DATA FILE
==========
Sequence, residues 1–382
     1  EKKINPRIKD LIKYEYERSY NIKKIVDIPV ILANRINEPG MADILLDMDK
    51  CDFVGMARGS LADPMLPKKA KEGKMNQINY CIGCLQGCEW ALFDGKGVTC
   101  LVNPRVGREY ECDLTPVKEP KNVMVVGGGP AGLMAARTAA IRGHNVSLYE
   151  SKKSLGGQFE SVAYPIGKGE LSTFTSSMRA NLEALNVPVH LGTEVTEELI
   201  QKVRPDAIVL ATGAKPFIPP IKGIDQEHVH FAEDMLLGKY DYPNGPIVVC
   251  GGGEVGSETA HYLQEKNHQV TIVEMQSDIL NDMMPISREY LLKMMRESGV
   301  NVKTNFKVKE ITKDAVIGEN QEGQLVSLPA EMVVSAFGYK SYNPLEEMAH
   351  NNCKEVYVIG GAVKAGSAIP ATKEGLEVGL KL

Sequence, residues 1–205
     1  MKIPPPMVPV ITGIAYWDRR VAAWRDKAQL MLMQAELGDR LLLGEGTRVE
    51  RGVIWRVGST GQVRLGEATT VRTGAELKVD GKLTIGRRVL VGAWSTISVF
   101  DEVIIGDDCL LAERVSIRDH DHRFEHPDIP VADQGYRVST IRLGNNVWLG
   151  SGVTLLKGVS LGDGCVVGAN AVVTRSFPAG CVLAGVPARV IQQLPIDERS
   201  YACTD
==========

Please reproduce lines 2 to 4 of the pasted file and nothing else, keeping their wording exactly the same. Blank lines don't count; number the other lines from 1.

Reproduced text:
     1  EKKINPRIKD LIKYEYERSY NIKKIVDIPV ILANRINEPG MADILLDMDK
    51  CDFVGMARGS LADPMLPKKA KEGKMNQINY CIGCLQGCEW ALFDGKGVTC
   101  LVNPRVGREY ECDLTPVKEP KNVMVVGGGP AGLMAARTAA IRGHNVSLYE